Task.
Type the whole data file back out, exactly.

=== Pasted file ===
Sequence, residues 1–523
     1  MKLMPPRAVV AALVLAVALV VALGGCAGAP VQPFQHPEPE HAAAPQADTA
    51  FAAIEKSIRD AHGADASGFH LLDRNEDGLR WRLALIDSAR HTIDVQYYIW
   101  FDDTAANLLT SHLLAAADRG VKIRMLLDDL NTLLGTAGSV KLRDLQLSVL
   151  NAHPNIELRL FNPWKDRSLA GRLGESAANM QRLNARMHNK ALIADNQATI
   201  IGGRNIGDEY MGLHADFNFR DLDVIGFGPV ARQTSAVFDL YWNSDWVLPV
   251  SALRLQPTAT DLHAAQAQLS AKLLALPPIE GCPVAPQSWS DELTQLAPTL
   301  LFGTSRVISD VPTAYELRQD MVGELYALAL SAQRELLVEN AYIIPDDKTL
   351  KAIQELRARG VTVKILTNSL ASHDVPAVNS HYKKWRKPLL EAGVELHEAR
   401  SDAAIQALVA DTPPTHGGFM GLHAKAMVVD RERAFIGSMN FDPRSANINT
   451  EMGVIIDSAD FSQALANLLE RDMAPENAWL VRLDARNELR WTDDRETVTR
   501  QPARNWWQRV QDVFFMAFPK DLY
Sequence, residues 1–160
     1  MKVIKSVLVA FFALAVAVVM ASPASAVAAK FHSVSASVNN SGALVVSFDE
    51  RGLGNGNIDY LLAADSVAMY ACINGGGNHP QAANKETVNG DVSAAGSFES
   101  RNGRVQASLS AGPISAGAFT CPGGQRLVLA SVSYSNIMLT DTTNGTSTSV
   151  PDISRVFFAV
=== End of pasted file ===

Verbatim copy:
Sequence, residues 1–523
     1  MKLMPPRAVV AALVLAVALV VALGGCAGAP VQPFQHPEPE HAAAPQADTA
    51  FAAIEKSIRD AHGADASGFH LLDRNEDGLR WRLALIDSAR HTIDVQYYIW
   101  FDDTAANLLT SHLLAAADRG VKIRMLLDDL NTLLGTAGSV KLRDLQLSVL
   151  NAHPNIELRL FNPWKDRSLA GRLGESAANM QRLNARMHNK ALIADNQATI
   201  IGGRNIGDEY MGLHADFNFR DLDVIGFGPV ARQTSAVFDL YWNSDWVLPV
   251  SALRLQPTAT DLHAAQAQLS AKLLALPPIE GCPVAPQSWS DELTQLAPTL
   301  LFGTSRVISD VPTAYELRQD MVGELYALAL SAQRELLVEN AYIIPDDKTL
   351  KAIQELRARG VTVKILTNSL ASHDVPAVNS HYKKWRKPLL EAGVELHEAR
   401  SDAAIQALVA DTPPTHGGFM GLHAKAMVVD RERAFIGSMN FDPRSANINT
   451  EMGVIIDSAD FSQALANLLE RDMAPENAWL VRLDARNELR WTDDRETVTR
   501  QPARNWWQRV QDVFFMAFPK DLY
Sequence, residues 1–160
     1  MKVIKSVLVA FFALAVAVVM ASPASAVAAK FHSVSASVNN SGALVVSFDE
    51  RGLGNGNIDY LLAADSVAMY ACINGGGNHP QAANKETVNG DVSAAGSFES
   101  RNGRVQASLS AGPISAGAFT CPGGQRLVLA SVSYSNIMLT DTTNGTSTSV
   151  PDISRVFFAV